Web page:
The reimagining of retro-inspired side-scrolling titles has become all the rage in recent years. With titles like Shovel Knight and Hollow Knight doing very well, it seems as this genre is coming back bigger than ever. Or people just really like knights, you never know! Whichever option you choose to accept, it is clear that everyone is trying to grab a piece of the pie. An amazing thought, but are we being treated with unique experiences or horrible rehashes that simply follow the next fad?
Daggerhood is a side-scrolling platformer developed by Woblyware and published by Ratalaika Games S.L. Our story begins with Victor S. Daggerhood, a skilled thief on the top of the world. With quick reflexes and a keen eye for treasure, our hero has luckily avoided capture every single time. However, you can’t stay on top forever and unfortunately for our friend Victor, today is the day. Captured by the King and banished to the caverns, Daggerhood must formulate a plan to escape and fulfill one final caper to achieve revenge on the men that put him here. With his special dagger in hand and no other options, you must aid our hero in this dastardly journey that is going to get tremendously worse from here. Will you be able to pull off the great heist of Daggerhood’s life or will we all stay trapped in this dark cavern of unexpected horrors?
The mechanics of Daggerhood are simple on the surface but culminate into an in-depth platformer with various collect-a-thon traits. Victor S. Daggerhood starts his adventure with limited skills, he can move, jump, and teleport with his fancy dagger. Not much to start, which in-turn requires some creative endeavors, but along his journey he will encounter various tools that expand his capabilities. Early on, we will encounter a hammer with the sole purpose of breaking blocks that are inaccessible without. However, it is not as simple as grabbing this object and moving forward breaking blocks at your own will. The pick-up has a timer and you must break what is needed before it disappears, fail to do so and you must backtrack, grab the item again and rush to the desired location. Luckily for us, the barricades do not reappear allowing a more casual approach to the minor puzzle solving.
One thing this title does extremely well is pack in the content. We are presented with a massive 100 stages across five worlds, all ending with a sweet boss fight to tie everything together. Each stage has a variety of collectibles that amass into a three-star rating system. Racing against the clock and collecting everything under the sun is the name of the game if you hope to snag those coveted three stars. Gold, gems, and other treasure are the main object that we desire, but we are also graced with a whimsical fairy hidden somewhere in each stage. Now, these treasures are not too hard, but the fairy will take some patience and puzzle-solving to achieve as each disappears after a set time. I enjoyed accumulating what I could find, but unfortunately, I could not find a reason to go out of my way to get everything unless I wanted to get all the stars. The treasures weren’t used to buy upgrades nor did the fairies do anything for you. They were placed in there simply to be collected for collection's sake. This was quite disappointing and made it feel mundane and useless after a few stages. The best part comes when you reach the final level and get to tackle the amazing bosses. My favorite comes from the ginormous six-legged creature with a gaping mouth. The battle is similar to an endless runner as you must avoid obstacles and attacks to reach the end to beat the boss. I think fights like this are rarely done in games nowadays and it provides a sense of scale that you are too small to fight your foe at that particular moment.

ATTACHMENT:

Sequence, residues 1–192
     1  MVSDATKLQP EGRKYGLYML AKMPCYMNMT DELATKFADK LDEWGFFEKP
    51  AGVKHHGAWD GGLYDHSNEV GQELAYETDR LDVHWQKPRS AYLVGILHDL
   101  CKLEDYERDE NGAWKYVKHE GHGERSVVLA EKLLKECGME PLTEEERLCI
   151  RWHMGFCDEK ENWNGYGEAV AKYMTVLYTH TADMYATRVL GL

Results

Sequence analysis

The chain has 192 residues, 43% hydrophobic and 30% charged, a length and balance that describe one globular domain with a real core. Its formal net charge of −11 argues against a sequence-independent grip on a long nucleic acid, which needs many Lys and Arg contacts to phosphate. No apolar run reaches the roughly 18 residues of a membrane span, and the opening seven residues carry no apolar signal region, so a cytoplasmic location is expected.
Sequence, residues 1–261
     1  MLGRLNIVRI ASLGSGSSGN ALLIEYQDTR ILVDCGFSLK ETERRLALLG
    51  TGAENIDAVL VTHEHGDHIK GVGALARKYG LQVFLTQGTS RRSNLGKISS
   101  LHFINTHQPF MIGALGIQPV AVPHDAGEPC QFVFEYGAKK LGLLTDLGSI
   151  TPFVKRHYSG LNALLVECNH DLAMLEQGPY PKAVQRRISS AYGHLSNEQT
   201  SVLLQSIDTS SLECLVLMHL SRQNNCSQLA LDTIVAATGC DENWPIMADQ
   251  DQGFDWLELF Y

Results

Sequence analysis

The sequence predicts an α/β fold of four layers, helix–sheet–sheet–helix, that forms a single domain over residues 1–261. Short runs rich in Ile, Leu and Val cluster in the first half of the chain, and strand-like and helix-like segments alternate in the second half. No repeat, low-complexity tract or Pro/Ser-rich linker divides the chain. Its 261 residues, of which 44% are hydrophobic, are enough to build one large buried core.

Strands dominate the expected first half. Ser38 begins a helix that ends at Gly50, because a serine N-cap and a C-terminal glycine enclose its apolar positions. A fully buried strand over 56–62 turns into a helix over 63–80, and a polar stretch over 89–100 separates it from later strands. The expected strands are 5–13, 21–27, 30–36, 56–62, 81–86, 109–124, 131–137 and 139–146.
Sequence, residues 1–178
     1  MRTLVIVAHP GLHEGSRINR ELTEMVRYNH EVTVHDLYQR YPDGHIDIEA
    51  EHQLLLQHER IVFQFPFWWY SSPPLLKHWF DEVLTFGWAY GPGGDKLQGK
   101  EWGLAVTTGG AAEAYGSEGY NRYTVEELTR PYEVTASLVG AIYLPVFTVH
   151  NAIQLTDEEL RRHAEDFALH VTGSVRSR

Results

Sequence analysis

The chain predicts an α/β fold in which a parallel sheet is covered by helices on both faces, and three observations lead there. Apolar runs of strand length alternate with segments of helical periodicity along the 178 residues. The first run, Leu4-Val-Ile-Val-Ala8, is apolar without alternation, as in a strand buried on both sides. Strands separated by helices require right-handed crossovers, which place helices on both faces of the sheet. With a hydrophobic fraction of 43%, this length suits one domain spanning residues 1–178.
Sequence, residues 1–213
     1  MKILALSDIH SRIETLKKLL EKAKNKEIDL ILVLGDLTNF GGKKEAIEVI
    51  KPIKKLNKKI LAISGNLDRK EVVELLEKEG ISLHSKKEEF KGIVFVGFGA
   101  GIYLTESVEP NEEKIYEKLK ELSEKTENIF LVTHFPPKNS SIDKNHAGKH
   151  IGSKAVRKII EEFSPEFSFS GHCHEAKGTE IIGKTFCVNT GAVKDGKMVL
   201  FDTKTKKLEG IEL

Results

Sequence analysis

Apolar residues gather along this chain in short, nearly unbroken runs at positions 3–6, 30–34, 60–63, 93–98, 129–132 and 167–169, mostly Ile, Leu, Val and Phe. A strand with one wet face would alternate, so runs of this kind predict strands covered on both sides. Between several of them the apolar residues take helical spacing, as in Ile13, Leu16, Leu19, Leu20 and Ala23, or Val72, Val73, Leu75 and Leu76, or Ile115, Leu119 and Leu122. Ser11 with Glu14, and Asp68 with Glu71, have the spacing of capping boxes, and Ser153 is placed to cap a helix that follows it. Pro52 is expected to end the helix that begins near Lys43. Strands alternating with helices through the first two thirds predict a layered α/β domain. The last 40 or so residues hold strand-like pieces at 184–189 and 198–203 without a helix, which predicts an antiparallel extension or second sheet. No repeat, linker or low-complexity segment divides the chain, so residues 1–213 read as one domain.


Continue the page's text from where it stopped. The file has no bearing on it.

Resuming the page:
The visual aesthetics like backgrounds and graphics are rather generic and similar to other retro-inspired titles. It looks good and can provide a nostalgia trip for those who grew up with style. However, with the increase in games with these aesthetics, the style blends together game from game and teams must find other ways to surpass the competition. I introduce Daggerhood’s level design that pushes this title to the next level. While early one, the stages seem bland with a few jumps and a spike trap here and there, they slowly evolve into twist and turns of amazement. Victor’s special dagger that allows him to teleport provides an interesting aspect that allows narrow corridors and walls of spikes to become more common. Mix this with gravity inversion and other level hazards, each level gets increasingly difficult on a larger scale.
In the end, Daggerhood is a decent platformer that has a lot of content, even if some gets a bit repetitive. The game is priced at $5 USD, which I feel is a great price for everyone to try out. From the nostalgic graphics to the platforming that gets more elaborate as you progress throughout the worlds, there is something for everyone. So, grab your trusty dagger and practice your jumping, we have one final heist to pull off!
*Note: A copy of this game was provided for the purpose of the review.
Final Score: 7/10
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